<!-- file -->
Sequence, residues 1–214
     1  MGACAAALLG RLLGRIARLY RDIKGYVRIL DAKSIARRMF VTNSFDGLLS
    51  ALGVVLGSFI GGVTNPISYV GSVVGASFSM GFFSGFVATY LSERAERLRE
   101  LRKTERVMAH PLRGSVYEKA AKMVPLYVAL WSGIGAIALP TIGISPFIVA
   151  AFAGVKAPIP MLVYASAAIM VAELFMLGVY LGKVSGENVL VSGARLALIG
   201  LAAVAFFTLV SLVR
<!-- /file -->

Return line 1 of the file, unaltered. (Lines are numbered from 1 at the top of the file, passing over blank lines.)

Sequence, residues 1–214